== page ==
In addition to the above-described enforcement efforts, it is likely that Congress will enact new cybersecurity laws in response to increased cyber threats. Indeed, new bills relating to cybersecurity have been proposed, including the Active Cyber Defense Certainty Act (ACDCA). The ACDCA's proponent, Rep. Tom Graves of Georgia, has stated that the Act "is about empowering individuals to defend themselves online, just as they have the legal authority to do during a physical assault." If enacted, the ACDCA would amend the Computer Fraud and Abuse Act (18 U.S.C. § 1030) (CFAA) to permit so-called "hacking back" when an individual is the victim of a cyber attack. Specifically, the ACDCA would permit victims to: (1) identify the perpetrators of an attack by accessing an intruder's network; (2) disrupt ongoing attacks; and/or (3) report attacks to law enforcement. Currently, hacking back is illegal. The Department of Justice views hacking back as a violation of the illegal access without authorization provisions of the Computer Fraud and Abuse Act, as well as a threat to innocent parties, and a potential source of interference with ongoing governmental investigations.

Massachusetts will likely increase enforcement of its comprehensive cybersecurity laws.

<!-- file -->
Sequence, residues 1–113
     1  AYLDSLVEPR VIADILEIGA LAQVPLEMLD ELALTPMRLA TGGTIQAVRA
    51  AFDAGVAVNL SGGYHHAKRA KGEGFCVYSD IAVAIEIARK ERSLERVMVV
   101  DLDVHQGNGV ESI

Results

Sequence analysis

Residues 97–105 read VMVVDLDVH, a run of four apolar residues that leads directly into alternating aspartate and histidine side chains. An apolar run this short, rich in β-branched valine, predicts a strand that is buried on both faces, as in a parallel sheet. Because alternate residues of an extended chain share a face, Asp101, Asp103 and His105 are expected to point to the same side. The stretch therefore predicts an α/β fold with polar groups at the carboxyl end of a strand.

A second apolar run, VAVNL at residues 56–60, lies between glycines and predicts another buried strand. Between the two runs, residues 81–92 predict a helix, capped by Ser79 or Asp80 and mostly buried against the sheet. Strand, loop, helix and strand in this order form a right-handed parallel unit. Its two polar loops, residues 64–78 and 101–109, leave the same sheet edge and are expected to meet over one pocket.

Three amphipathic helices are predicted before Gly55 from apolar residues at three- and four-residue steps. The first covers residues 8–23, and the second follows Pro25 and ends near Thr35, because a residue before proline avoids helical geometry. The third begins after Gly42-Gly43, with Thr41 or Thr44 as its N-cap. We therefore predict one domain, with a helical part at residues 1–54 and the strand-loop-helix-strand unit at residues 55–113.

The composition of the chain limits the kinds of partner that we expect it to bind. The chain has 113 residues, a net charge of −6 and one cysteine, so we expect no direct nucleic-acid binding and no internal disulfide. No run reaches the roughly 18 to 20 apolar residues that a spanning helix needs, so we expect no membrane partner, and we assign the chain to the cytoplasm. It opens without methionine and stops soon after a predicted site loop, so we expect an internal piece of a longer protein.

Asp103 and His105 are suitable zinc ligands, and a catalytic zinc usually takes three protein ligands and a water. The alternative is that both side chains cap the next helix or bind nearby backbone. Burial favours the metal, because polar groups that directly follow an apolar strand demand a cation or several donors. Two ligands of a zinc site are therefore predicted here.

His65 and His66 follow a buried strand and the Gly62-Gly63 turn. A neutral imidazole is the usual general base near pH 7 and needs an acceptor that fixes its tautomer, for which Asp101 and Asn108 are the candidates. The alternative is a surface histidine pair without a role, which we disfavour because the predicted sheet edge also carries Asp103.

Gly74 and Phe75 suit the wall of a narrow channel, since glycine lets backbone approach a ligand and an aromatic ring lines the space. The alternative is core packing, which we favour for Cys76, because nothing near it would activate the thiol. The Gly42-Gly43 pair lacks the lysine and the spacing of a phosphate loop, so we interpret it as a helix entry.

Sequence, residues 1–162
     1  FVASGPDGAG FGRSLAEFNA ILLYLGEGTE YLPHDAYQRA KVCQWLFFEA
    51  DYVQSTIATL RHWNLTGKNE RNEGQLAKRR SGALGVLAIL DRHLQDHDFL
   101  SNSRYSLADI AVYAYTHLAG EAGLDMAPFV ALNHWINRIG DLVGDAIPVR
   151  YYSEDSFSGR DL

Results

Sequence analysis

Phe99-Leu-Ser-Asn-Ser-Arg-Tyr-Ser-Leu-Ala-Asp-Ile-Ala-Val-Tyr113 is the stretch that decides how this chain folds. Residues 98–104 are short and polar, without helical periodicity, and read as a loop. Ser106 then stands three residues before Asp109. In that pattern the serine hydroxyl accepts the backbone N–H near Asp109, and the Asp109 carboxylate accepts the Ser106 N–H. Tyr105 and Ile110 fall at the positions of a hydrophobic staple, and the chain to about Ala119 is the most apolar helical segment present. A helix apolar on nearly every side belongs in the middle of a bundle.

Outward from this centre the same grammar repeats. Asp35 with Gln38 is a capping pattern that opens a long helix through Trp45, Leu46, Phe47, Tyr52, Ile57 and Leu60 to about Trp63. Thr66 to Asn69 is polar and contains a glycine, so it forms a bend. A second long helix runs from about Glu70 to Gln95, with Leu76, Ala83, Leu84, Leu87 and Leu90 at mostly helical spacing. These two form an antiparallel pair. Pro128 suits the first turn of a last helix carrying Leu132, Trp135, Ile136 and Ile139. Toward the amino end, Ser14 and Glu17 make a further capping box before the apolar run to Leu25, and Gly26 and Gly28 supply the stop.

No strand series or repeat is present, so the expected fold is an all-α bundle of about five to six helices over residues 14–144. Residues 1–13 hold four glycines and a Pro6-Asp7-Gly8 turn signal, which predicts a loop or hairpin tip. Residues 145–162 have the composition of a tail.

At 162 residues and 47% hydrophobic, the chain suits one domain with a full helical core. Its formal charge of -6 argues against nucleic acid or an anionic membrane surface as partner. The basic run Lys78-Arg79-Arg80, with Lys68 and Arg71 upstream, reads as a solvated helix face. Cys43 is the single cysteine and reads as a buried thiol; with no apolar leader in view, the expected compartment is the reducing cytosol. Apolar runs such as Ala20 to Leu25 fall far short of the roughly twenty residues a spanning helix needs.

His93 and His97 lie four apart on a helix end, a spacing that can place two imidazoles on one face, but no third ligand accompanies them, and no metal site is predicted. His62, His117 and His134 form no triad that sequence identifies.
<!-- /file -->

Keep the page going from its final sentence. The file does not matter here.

Similarly, Massachusetts will likely increase enforcement of its already rather comprehensive cybersecurity laws and regulations. These include M.G.L. c. 93H (the Data Privacy Act), which obligates companies (and individuals) possessing Massachusetts residents' personal information to notify the Massachusetts Attorney General and the Office of Consumer Affairs of any breach, and 201 C.M.R. 17.03, which obligates companies (and individuals) possessing such information to maintain certain safeguards, including a written information security program.

Massachusetts Governor Charlie Baker and Massachusetts Attorney General Maura Healey have consistently indicated that cybersecurity is a priority for the commonwealth, and are expected to increase efforts to ensure the privacy of information as cyber threats continue to grow.

Healey has stated that because "most any crime today involves some digital element," cybersecurity is, "from [her] perspective as attorney general … an issue that [she] actually lay[s] awake thinking about." In 2016, Healey hosted a data privacy forum in conjunction with the Massachusetts Institute of Technology and Harvard University, "in support of her office's continued efforts to protect the privacy and security of consumers' data." Among these "continued efforts" are the attorney general's enforcement of the Data Privacy Act against Massachusetts and foreign corporations. Less than two years after the Data Privacy Act was enacted in 2010, the Massachusetts Attorney General's Office charged Belmont Savings Bank for failing to comply with its cybersecurity program, and for keeping personal information on an unencrypted backup tape, which it subsequently misplaced. Belmont Savings Bank ultimately settled with the Attorney General's Office for $7,500, and promised to encrypt all personal information, store backup data tapes containing personal information securely, and train employees to properly secure personal information. The attorney general's investigations have also lead to a $15,000 settlement with Maloney Properties, Inc. in 2012; a $150,000 settlement with the Women & Infants Hospital of Rhode Island in 2014; and a $1 million multi-state settlement with Adobe Systems, Inc. in 2016, among others.